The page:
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LCQ12: Plagiarism among university students


    Following is a question by the Ir Dr Hon Ho Chung-tai and a written reply by the Secretary for Education and Manpower, Professor Arthur K C Li, in the Legislative Council today (May 4):


    It has been reported that it has become a common phenomenon among university students to plagiarise assignments and hire "ghostwriters" to do the assignments for them. Some university students hired other persons to do their assignments throughout the three-year studies and escaped notice. They even graduated with high scores. In this connection, will the Government inform this Council whether it knows:

(a) the numbers of cases in the past three years involving plagiarism and hiring of "ghostwriters" by students of various local universities, and whether the students involved were punished; if so, of the details;

(b) the guidelines issued by local universities to their teaching staff on handling cases involving such practices, and the details of the relevant monitoring mechanism; and

(c) the measures adopted by local universities to improve the situation?


Madam President,

    According to the information provided by the University Grants Committee (UGC)-funded institutions and the Open University of Hong Kong (OUHK), the number of cases involving plagiarism by undergraduate and postgraduate students in the past three years is as follows ?

  Academic Year         Total number of cases

  *************         *********************

    2001/02                     33 cases

    2002/03                     41 cases

    2003/04                     66 cases

    2004/05                     22 cases

   (up to 15.4.2005)

    Given that plagiarism and "ghostwriting" are difficult to distinguish, most of the institutions do not classify "ghostwriting" cases separately and therefore no statistics on this can be provided.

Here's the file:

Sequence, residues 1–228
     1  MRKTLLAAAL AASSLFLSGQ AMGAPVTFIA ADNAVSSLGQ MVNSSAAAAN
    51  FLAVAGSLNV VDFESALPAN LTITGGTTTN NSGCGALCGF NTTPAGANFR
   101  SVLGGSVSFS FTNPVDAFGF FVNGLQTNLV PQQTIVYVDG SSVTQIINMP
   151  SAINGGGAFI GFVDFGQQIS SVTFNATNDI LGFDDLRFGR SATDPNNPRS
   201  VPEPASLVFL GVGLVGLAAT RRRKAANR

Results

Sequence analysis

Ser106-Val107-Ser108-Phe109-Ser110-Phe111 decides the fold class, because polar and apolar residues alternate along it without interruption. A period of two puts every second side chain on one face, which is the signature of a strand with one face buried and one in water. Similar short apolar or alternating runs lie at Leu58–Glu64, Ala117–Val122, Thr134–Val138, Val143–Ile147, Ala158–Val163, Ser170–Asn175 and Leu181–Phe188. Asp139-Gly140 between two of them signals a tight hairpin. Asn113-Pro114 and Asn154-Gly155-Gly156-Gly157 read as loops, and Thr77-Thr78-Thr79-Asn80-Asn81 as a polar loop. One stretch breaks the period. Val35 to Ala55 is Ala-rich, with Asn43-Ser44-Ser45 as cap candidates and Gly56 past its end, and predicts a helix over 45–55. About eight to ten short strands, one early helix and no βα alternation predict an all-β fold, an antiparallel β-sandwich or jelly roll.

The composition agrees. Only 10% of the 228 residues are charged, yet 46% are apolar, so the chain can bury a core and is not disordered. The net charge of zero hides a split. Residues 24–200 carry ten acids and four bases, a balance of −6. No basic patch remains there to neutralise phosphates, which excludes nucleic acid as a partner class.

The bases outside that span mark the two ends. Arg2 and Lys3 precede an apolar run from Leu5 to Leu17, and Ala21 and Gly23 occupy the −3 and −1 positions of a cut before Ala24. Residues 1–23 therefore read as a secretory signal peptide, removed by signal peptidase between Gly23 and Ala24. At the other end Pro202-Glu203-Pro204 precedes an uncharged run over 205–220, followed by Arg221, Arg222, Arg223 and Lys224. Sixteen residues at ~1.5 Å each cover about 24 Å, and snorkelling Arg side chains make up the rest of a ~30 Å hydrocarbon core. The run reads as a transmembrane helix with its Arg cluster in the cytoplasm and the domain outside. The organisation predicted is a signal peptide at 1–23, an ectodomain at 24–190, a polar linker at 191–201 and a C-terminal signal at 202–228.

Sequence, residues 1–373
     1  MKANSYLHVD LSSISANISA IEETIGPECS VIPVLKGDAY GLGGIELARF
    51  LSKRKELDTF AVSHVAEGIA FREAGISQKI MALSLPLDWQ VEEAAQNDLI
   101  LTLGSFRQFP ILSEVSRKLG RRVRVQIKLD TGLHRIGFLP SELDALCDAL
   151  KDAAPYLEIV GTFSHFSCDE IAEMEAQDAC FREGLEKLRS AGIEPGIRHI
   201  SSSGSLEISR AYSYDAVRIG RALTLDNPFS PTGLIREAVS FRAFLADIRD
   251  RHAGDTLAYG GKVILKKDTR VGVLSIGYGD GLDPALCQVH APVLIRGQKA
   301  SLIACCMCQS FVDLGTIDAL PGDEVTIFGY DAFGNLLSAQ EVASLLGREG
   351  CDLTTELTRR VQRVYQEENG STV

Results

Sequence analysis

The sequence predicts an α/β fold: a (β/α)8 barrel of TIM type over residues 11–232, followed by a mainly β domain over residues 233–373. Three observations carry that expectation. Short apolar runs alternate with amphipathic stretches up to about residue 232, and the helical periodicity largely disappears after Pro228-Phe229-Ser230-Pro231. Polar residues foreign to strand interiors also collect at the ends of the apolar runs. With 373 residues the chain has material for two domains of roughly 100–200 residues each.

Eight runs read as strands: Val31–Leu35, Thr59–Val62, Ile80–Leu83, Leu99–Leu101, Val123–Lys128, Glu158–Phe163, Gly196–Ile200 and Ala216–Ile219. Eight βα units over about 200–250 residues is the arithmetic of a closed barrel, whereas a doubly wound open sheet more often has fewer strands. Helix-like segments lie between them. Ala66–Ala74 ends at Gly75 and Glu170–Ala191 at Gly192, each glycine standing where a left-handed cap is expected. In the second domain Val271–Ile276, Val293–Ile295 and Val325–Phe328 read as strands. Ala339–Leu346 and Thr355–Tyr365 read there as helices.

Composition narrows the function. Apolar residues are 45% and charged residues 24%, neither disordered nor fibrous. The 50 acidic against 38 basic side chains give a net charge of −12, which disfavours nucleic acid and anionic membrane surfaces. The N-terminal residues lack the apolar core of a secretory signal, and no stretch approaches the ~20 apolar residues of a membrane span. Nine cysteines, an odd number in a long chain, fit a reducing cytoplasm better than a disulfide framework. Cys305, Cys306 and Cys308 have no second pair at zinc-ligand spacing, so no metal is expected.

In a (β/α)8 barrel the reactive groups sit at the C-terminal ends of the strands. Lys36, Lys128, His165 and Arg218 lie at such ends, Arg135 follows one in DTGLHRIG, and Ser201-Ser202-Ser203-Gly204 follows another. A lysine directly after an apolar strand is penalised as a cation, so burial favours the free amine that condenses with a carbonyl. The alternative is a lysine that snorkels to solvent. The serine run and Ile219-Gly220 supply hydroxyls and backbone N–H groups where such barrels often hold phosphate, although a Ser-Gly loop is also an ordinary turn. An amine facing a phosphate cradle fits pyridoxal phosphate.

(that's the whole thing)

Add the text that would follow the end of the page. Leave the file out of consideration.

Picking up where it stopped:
Plagiarism cases detected by institutions usually involve copying or using others' materials without proper acknowledgement or permission, submitting projects or papers that were previously submitted by other students, and copying assignments from each other. Punishment levied on the students involved in such cases varies, depending on the circumstances and seriousness of the offences. Broadly speaking, punishment can take the following forms ?

(i) termination of study and expulsion;

(ii) suspension of study, postponement of graduation, or withholding transcripts and academic awards;

(iii) oral or written reprimand, or demerit on student record;

(iv) a lower grade or a failure grade to be awarded to the assignment or the course concerned;

(v) suspension or withdrawal of privileges, rights, and benefits; and

(vi) fine.

(b) All UGC-funded institutions and OUHK have their own regulations and guidelines on academic integrity, which cover plagiarism and hiring of "ghostwriters". In general, faculties and departments are reminded to alert their students to the importance of academic integrity; to draw students' attention to the regulations and guidelines; and to advise students on ways to prevent plagiarism and other dishonest acts. Teaching staff should report to the academic department concerned suspected cases of dishonest acts for investigation and follow-up action. The department can escalate it to the faculty concerned or other appropriate body within the institution for further action or disciplinary action.

(c) Although the above statistics do not suggest that plagiarism and the hiring of "ghostwriters" have become a common phenomenon in the higher education sector, all our institutions consider plagiarism a serious misconduct. They are taking positive measures to uphold academic honesty and prevent possible deterioration of the situation.

    Institutions adopt a two-pronged approach: by offering education and deterrents. On education, students are taught academic honesty and proper citation through various channels, such as student handbooks, notices, student newspapers, workshops, etc. Students are also required by some institutions to sign a declaration or undertaking to the effect that they will be honest in their studies.

    If necessary, the institutions will also adopt measures which have a deterrent effect on plagiarism and "ghostwriting" ?

(i) with the proliferation of information and availability of "ghostwriting" services on the Internet, institutions are using special software and other web-based services to detect plagiarism and "ghostwriting", and prevent copying of library materials;

(ii) faculties are reminded to stay alert and work out appropriate mechanisms to prevent and detect dishonest acts. For example, coursework can be designed so that copying is difficult; and

(iii) publication of cases involving plagiarism and hiring of "ghostwriting" services and the penalties imposed.

Ends/Wednesday, May 4, 2005


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